There’s truth here, up to a point. I don’t think “the fight” between Trump and the media crowds out attention to his policies, as Stewart implies. If it did, family separation at the border would still be happening, to take but one example. Another: CNN has managed to squeeze in a few thousand hours of Russiagate coverage amid the nightly indignant emoting by Chris Cuomo and Don Lemon.
President Trump has been able to appeal to journalists’ “own narcissism” by attacking them, says Jon Stewart. “They take it personally, and now he’s changed the conversation to, not that his policies are silly or not working … it’s all about the fight.” pic.twitter.com/2N3V5NqZ6Q
— Christiane Amanpour (@camanpour) October 30, 2018
The element of truth in that is that media narcissism is an often overlooked but important component to why people distrust them. Righties like me are forever complaining about ideological bias, which of course exists, but it’s so well known by now as to be banal. (Almost banal. There are still startling examples that need to be flagged.) Less noticed is how their own self-importance grates on a visceral level. I offer you the example of Jim Acosta. Although he’s plainly a liberal, would anyone bet that he’s further left than Chris Hayes or Rachel Maddow, say? And yet Acosta occupies 10 times as much space in the right-wing imagination as Hayes or Maddow does. Why? Why would he annoy Republicans more than ardent left-wing ideologues do?
Because he’s a smug, preening dillweed, that’s why.
It’s not that he’s “less honest” about his bias than Hayes or Maddow is, which is the normal reason cited by people like me for finding him more objectionable than MSNBCers. He’s not meaningfully less honest; we’re all able to glean what his partisan preferences are from the way he’s framed his questions about policy. It’s his self-congratulatory vanity that’s bothersome. One smaller example of the same thing that jumps to mind is the Washington Post adopting “Democracy Dies in Darkness” as its motto. They did that within a month of Trump taking office, as evidently there wasn’t sufficient risk of democracy dying in darkness during the Obama era despite O’s famous penchant for secrecy and willingness to send the DOJ after reporters to find leakers. But their partisanship aside, it’s the narcissism of the motto that’s irksome. Trump is here to turn off the lights on democracy, apparently, but a band of heroes rises…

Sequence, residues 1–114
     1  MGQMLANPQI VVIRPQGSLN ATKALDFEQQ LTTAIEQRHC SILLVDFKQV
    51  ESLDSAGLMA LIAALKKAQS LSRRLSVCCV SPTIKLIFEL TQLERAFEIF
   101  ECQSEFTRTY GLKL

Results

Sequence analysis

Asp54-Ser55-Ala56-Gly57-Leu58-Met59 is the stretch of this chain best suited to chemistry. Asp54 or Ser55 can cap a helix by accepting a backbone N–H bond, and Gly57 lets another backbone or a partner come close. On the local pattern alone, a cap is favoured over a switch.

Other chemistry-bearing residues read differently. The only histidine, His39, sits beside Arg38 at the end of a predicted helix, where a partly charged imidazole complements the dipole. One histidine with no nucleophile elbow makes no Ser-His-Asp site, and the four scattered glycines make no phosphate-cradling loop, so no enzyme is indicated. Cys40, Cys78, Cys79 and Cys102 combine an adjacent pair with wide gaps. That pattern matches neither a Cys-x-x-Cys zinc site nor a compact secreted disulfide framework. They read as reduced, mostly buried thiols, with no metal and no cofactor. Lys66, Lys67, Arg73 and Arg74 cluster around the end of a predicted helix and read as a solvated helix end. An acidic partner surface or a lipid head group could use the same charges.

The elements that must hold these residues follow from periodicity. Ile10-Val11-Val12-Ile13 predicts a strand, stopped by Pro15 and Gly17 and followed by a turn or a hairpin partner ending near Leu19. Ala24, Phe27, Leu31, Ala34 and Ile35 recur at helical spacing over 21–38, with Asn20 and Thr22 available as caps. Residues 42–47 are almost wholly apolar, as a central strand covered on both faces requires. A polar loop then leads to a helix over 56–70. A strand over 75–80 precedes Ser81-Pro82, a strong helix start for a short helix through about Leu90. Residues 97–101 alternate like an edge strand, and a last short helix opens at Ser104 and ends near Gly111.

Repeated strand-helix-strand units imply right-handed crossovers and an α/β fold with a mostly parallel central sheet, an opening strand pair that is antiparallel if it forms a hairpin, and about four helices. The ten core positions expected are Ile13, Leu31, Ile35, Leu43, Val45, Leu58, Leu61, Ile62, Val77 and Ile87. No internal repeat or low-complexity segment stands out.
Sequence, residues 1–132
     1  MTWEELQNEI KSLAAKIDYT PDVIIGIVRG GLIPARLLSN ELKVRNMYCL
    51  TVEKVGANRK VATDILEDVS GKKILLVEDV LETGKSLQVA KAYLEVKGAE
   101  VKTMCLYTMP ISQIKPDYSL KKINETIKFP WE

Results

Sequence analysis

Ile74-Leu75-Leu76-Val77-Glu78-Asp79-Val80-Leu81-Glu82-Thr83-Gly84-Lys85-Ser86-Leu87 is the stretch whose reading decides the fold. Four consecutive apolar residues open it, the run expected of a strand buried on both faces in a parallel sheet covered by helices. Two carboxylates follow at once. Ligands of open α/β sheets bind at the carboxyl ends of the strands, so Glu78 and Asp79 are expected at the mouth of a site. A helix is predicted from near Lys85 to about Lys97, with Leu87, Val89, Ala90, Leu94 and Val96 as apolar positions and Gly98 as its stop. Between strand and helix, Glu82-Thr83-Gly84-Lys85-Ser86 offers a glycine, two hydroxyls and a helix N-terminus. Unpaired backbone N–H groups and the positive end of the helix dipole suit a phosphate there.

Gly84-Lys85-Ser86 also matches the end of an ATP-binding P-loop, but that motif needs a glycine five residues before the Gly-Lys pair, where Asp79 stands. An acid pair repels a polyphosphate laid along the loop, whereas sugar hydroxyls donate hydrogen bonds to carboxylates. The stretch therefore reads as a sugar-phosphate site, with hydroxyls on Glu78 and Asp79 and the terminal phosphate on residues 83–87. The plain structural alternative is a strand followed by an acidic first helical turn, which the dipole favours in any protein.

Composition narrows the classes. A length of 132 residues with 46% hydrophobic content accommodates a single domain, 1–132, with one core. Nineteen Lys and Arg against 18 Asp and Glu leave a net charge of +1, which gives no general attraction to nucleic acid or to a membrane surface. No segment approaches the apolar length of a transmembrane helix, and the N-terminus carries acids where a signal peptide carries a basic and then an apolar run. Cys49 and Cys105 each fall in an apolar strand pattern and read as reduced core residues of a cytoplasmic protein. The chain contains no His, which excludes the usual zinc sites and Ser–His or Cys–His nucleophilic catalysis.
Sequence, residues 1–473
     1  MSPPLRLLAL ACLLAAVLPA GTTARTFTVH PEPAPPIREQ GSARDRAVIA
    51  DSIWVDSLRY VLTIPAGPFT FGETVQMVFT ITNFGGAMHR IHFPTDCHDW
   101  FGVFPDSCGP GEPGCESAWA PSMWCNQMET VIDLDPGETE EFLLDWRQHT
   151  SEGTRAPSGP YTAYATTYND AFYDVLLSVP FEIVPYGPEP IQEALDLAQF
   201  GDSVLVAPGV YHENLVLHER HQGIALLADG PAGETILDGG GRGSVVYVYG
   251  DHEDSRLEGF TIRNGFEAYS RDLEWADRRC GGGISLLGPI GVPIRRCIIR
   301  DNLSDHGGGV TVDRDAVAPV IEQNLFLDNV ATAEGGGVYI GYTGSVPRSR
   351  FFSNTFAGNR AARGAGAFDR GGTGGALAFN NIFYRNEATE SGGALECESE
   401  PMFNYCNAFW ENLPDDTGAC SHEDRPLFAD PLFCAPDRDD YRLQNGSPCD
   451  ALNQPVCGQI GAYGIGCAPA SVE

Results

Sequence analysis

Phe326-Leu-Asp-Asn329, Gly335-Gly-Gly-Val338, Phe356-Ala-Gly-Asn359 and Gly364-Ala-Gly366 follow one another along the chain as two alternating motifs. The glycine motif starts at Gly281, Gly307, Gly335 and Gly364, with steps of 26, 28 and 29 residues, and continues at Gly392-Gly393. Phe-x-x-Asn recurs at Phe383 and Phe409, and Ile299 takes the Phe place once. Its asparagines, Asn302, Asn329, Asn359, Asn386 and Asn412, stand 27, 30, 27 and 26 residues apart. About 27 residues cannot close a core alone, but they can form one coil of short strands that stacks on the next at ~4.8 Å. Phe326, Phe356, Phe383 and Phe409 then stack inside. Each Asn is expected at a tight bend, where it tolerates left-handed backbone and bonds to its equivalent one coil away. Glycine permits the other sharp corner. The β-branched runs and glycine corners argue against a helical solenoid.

Here’s another small example from right around the same time that righties still snicker at:
America’s heroic first responders: Police, fire, MSNBC reporters.
The narcissism Stewart describes isn’t just a gut-level irritation. His point, which I think is overstated, is that the media’s getting sucked into a pissing match with Trump instead of focusing on more substantive matters, which is a standard complaint among intellectuals. I’d say, though, that their narcissism damages them mainly in how it breeds distrust in consumers. To see them take such personal affront at Trump, particularly at his skepticism of their own integrity, feeds the suspicion that some significant amount of negative coverage is nothing more or less than payback. Bad enough that one would have to wade through ideological bias to get at the truth of what’s being reported, now we have to wade through butthurt too.
I might go so far as to say that that explains why Republicans are far more venomous towards CNN than they are to MSNBC. It’s the Acosta/Maddow dynamic writ large. With MSNBC you only need control for ideology in interpreting their programming; with CNN you need to control for ideology and the anchors’ sermonizing self-regard for their own profession. Maybe they shouldn’t be faulted for that since Trump himself almost always singles out CNN in his media-bashing. He picked the fight and now they’re just defending themselves. But it is a fight, as Stewart says, and the fight dynamic infuses everything they do, which makes them that much harder to trust. It’s ironic that Stewart would end up making his point on, of all places, CNN’s airwaves.